And now the weather - for dogs!

Chihuahua owner and boxer David Haye swaps his gloves for a green-screen as he fronts the world’s first weather forecast designed specifically for dogs.

The ‘Weather Pawcast’ has been launched by MORE TH>N Pet Insurance to raise awareness of the dangers that hot, humid and thundery summer weather poses to dogs’ wellbeing.

Weather Pawcast uses bespoke temperature ‘risk scale’ developed with leading vet to pinpoint the areas of the UK where the weather is set to pose the biggest danger to dogs.

Using a bespoke temperature risk scale developed by a veterinary expert, David pinpoints the regions of the UK where hotter temperatures and higher humidity levels could put some of the nation’s nine million dogs at greatest risk of dehydration and heat stroke, as well as the areas where thunderstorms are likely to occur, potentially causing undue stress in canines.

Commenting on his debut as a canine weather forecaster, David Haye said: “I’ve been a two weight world champion and fought in front of millions but being a weatherman for dogs is definitely a first.

“However, as a dog lover and owner I know too well the hazards our four legged friends face on a hot day. I hope that by presenting a weather pawcast I can help raise awareness of the issues that MORE TH>N is highlighting and encourage all dog lovers to be more mindful of how the warm weather affects their pets especially given the current temperatures”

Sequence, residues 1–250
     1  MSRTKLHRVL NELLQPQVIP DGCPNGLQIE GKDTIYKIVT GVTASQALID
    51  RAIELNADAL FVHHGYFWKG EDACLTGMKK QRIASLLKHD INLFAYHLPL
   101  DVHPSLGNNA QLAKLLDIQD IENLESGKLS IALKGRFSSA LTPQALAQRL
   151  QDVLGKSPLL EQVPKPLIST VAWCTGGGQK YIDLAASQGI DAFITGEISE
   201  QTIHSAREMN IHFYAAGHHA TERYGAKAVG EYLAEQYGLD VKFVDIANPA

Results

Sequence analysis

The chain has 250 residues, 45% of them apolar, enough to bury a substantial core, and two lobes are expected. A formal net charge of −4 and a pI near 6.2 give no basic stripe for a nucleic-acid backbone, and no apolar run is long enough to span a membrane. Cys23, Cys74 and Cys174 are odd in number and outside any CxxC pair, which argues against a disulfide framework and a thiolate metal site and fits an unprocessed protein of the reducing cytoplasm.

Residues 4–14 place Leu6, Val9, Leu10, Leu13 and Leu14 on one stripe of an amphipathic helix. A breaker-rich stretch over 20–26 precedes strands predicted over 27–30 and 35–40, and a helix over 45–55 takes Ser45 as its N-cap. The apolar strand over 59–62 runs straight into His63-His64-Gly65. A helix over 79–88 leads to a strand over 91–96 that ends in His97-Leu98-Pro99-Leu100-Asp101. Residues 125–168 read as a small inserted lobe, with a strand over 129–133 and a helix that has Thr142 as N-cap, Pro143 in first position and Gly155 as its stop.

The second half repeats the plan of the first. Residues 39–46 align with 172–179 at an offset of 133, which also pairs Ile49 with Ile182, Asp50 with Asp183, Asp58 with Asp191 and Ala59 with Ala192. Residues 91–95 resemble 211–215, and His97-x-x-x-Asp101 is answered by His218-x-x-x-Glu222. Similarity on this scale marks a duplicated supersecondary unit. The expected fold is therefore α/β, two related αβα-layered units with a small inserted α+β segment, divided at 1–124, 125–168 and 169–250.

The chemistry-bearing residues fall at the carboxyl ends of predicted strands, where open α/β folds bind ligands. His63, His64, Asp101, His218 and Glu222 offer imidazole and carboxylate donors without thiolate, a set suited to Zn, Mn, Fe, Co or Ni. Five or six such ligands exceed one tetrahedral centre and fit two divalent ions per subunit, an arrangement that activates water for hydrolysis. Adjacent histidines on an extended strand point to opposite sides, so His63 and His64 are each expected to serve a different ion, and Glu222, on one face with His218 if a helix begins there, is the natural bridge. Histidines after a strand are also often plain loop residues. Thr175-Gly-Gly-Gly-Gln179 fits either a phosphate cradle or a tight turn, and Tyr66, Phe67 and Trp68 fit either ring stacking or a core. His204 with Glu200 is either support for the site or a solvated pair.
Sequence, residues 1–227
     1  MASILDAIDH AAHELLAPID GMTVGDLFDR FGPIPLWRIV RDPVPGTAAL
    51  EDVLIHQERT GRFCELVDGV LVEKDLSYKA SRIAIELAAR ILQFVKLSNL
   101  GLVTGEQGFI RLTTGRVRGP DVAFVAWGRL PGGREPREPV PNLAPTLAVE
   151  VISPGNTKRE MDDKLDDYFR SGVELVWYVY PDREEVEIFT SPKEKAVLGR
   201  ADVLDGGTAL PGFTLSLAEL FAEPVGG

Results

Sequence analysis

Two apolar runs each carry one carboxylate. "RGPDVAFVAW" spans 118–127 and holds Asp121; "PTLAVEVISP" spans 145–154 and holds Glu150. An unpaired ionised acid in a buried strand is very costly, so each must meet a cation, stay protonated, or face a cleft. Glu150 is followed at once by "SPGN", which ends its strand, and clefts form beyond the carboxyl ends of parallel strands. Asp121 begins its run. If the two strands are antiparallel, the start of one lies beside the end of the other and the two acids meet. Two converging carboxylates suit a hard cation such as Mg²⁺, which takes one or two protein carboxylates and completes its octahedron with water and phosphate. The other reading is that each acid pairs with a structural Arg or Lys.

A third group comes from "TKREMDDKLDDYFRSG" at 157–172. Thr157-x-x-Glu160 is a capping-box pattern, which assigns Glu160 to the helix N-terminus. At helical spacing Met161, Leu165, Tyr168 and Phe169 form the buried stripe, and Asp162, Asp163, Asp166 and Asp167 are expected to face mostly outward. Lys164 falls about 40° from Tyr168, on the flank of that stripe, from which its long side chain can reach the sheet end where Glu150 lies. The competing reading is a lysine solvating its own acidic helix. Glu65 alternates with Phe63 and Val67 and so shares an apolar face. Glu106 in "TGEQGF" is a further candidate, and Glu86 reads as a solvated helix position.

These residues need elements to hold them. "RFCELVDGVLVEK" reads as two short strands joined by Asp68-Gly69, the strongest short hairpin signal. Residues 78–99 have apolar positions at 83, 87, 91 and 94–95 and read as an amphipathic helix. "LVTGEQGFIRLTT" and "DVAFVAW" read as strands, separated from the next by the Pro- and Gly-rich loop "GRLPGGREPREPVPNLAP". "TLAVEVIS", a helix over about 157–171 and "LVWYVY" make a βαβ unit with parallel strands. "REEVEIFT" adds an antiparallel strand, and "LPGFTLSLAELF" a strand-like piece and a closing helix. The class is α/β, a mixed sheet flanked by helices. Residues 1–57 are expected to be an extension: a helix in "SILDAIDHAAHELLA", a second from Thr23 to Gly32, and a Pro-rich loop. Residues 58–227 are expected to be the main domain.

Based on this weekend’s forecast, almost one million dogs have been identified by MORE TH>N Pet Insurance as being in ‘very high risk’ temperature zones.

The MORE TH>N Weather Pawcast will continue throughout the summer on MORE TH>N’s Facebook page.

To see a seven-day doggie weather forecast for the UK visit

Vet Robert White-Adams’ 10 Tips for Hot Weather:

1. Get your dog’s coat stripped, or even better, clipped short.

2 Change walkies time to early morning or late at night when the temperature is cooler. Take it easy and let your dog take things slow. It’s too hot for running, fetch and ball games.

3. If your dog is panting then stop and slow down and if possible find some shade.

4. Take water with you at all times and on walks gently spray your dog with a mist of water. Repeat often as the water evaporates and cools them down. However, do not douse or drench your dog with cold water. Sudden cold shock can divert blood flow away from the skin and can actually make your dog hotter!

5. Make sure plenty of fresh drinking water in a clean bowl is available at all times (not too hot; not too cold). Check and refill throughout the day.

6. If you’re inside, open windows but keep the curtains drawn to keep the temperature down and make sure your dog has lots of space to move around.

7. Dehydration happens much quicker in warmer weather so if your dog is vomiting, has diarrhoea or stops drinking then seek help from your vet immediately.

8. Create somewhere cool for your dog to rest, such as placing a wet towel in a shady spot outside.

9 Place a fan near your dog and try putting an ice pack in front of the fan to cool the air it’s blowing.

10. Check up on your dog more often. A lot can happen in just a few hours so change your routine to keep an eye on your dog.